“Elizabeth Bewley at Houghton Mifflin Harcourt Books for Young Readers preempted North American rights to Estelle Laure’s This Raging Light, in a mid-six-figure, two-book, deal. Emily Van Beek at Folio Junior/Folio Literary Management represented the debut author. The novel follows a teenager and her younger sister as they try to deal with their mother’s sudden disappearance. Things become further complicated when older sister Lucille falls for her best friend’s brother. The publisher said the book is a “luminous portrait” of two young girls enduring hardship. Laure lives in New Mexico and received an M.F.A. from Vermont College of Fine Arts; Light is set for fall 2015.” ( Publishers Weekly June 2014)
Estelle or Starlet as I know her, by virtue of being a close friend of the uncle who bestowed the nickname, was born at Versailles and spent her childhood in Paris and London before coming to the States. After her parents went their separate ways, her mother came to Taos to start a business for her father who planned to move here upon his retirement.
Estelle’s grandfather, Ambassador William Eagleton met his first wife in Paris, where her father was the American Architect William Welles Bosworth, who had done the restorations on the Palace at Versailles during the 20’s.
Bill Eagleton and Francoise had five children. Dhyana, Estelle’s mother was the only daughter born to the two of them. When they separated, Francoise put herself through Medical School, five kids and all, and went on to become a Harley Street Surgeon.
Eagleton had spent time in Morocco during the late 40’s and 50’s and continued to maintain a residence there all his life with his second wife Kay, with whom he had three more children, one of them, another daughter. His bachelor apartment was passed on to the great American ex-pat writer, Paul Bowles. Bowles kept that flat until he died and the two men remained lifelong friends.
Bill Eagleton was one of the most interesting men of our time. One of the world’s foremost Arabists, a career diplomat, he came to the fore during the Kennedy years and worked for the State Department for the rest of his life. As well as Bowles, he counted among his close friends, the actress Ava Gardner. Famous friends aside, he dedicated much of his life to righting the wrongs of history toward the Kurds. He also collected Kurdish and other rare tribal carpets and had appointed his oldest daughter to open a rug shop in Taos in order to get a business going before his imminent arrival.
Dhyana arrived in Taos with her two kids in time for them to go to Taos High School and installed Bill’s lifetime collection of carpets in a shop on Bent Street aptly named Flying Carpet. When he and Kay arrived, she and her children were already a part of the community. His other children began to visit, a couple of them lived here for awhile but Bill found himself pulled out of his retirement more than once after finally settling in Taos. His expertise in many of the world’s hottest spots was too valuable an asset for him to be let go of that easily.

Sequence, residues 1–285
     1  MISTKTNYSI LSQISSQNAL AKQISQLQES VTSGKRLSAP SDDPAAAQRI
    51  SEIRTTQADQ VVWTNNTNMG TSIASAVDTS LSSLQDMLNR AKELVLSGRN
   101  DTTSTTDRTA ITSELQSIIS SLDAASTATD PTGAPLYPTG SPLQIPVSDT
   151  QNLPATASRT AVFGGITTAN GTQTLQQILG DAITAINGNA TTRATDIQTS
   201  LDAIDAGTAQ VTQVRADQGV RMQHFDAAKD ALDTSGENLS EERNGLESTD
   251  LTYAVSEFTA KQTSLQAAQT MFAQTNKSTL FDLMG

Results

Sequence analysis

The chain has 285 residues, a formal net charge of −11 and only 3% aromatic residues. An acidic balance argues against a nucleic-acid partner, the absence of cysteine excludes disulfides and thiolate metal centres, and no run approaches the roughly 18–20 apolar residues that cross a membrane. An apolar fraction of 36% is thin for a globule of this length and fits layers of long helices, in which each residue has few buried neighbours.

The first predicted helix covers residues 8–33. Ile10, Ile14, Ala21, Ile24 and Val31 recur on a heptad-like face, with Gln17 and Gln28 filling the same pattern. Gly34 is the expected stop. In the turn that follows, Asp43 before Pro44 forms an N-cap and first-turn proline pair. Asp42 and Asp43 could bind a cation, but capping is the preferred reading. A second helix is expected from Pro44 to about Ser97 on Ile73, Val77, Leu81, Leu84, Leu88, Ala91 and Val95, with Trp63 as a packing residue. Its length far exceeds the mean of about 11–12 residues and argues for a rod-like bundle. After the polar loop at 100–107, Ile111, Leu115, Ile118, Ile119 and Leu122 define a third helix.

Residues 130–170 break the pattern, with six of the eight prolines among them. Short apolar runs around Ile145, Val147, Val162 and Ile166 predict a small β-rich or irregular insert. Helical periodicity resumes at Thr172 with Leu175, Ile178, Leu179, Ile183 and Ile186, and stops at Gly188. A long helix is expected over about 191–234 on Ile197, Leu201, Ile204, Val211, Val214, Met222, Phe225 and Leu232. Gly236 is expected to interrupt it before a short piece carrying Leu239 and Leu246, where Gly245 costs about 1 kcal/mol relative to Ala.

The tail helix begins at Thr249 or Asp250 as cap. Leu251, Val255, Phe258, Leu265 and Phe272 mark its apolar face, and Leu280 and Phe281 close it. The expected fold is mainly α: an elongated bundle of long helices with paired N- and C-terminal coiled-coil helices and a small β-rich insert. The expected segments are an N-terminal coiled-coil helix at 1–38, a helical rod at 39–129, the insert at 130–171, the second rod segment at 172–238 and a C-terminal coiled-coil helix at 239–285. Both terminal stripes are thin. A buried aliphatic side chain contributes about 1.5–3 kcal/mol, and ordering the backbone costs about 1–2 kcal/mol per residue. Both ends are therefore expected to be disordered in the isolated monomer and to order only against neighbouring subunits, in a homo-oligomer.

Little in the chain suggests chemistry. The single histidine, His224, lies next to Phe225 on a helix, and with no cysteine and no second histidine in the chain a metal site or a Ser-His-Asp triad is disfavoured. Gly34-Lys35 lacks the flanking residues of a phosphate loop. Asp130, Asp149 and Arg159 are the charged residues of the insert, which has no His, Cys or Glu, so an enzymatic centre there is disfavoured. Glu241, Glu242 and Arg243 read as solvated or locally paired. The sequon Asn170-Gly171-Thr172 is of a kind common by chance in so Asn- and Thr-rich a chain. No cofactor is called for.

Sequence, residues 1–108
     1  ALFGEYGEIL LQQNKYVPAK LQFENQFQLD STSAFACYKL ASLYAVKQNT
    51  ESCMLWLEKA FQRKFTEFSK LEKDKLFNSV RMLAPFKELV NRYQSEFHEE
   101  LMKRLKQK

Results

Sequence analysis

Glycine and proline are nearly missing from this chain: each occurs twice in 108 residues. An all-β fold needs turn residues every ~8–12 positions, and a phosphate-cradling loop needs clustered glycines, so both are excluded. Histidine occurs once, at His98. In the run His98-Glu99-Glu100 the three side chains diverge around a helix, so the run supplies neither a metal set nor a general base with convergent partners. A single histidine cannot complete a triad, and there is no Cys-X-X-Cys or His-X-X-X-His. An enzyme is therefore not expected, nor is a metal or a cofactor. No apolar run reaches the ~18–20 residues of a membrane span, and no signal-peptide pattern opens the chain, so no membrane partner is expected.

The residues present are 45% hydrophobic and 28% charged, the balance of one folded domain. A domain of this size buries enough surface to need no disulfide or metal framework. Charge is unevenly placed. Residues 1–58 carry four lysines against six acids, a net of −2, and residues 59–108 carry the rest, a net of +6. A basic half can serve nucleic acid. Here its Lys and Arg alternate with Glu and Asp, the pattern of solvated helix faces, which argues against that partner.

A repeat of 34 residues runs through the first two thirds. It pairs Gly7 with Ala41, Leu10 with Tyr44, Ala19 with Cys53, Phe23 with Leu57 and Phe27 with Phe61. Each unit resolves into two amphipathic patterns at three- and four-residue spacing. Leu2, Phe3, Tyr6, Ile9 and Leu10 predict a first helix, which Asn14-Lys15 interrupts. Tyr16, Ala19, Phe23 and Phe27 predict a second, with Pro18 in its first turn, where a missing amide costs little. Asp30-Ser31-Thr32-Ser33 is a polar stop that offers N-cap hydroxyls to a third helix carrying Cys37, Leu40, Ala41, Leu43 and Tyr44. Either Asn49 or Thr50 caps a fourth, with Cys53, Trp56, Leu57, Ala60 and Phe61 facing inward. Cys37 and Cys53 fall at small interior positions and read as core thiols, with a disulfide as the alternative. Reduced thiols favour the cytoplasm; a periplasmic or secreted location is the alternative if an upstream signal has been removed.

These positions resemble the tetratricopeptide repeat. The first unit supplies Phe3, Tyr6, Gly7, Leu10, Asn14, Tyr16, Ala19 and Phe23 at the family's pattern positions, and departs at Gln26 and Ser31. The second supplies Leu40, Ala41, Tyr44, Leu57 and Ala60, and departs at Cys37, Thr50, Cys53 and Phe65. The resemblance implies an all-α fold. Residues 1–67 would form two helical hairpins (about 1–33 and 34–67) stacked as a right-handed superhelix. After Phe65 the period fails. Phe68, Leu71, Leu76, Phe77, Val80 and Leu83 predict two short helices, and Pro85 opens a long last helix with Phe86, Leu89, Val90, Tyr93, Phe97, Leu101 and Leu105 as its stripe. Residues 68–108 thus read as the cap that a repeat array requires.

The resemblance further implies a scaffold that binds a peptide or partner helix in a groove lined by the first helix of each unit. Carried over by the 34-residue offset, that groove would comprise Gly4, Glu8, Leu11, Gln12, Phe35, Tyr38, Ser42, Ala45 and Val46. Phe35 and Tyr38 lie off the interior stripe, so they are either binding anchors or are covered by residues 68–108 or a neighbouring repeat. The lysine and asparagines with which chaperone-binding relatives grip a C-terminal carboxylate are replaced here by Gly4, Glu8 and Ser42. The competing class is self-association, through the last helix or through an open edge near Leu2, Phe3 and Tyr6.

Little wonder then, given her illustrious and colourful family background, that Estelle has emerged from her own marital breakup, two children later, as a young writer to watch. Her day job as assistant to Emily Van Beek, the Agent who also happens to be her Literary Agent, takes up much of her time but that’s not stopping her from working on her next book.
“I could give up the job but I feel it’s a privilege to be on both sides of the desk,” she tells me.
She loves the Young Adult genre she’s working in, remembering how books were such a comfort to her during those uncertain years and believes that children’s literature period, remains a very important factor in childhood developement.
The book has been sold in twelve countries and is bound to be hugely succesful. She says the pressure is on but she doesn’t let it get to her. She’s going at a comfortable pace, making sure all she has on her plate, stays there. I have no doubt that it will. This beautiful, brilliant young woman has a personal history of dedication and discipline. An incredibly talented actress, Estelle got her degree in Drama at the University of New Mexico in Los Cruces, before working at the infamous Fred’s Place here in Taos for a couple of years. Most who have known her since then believed she’d go into Acting as a profession.
Fate intervened and she met the father of her children. They moved to the East Coast and she eventually returned to school for her Masters once their kids were old enough for her to expand her horizons a bit.
Back in Taos with her two kids, unfazed by the attention, the six figure advance and all the fuss, Starlet arrived for our chat with her son (who wasn’t feeling well) in tow, on her way to pick up her daughter from school.
Dressed in sweatpants, devoid of makeup, hair pulled up in a messy ponytail, she looked like a lot of other young Taos moms on duty and that’s the way she likes it. Taos is where she is free to be exactly who she is with no pretension and no one to impress. She’s home.
“I love Taos,” she says, ” all my friends are here, people who I’ve known since High School, we have kids now, we’re older, but it’s still a close-knit group. I feel so lucky.”
As we got ready to leave the cafe where we met, we exchanged small talk about our families and such, before heading out into the cold, when she stopped before going out the door and turned to me.
“You know Taos is a remarkable place, I think it’s the only place on earth where nobody judges you in terms of your monetary worth or what you do.”
“Here,” she noted, “it’s more about, how creative are you?”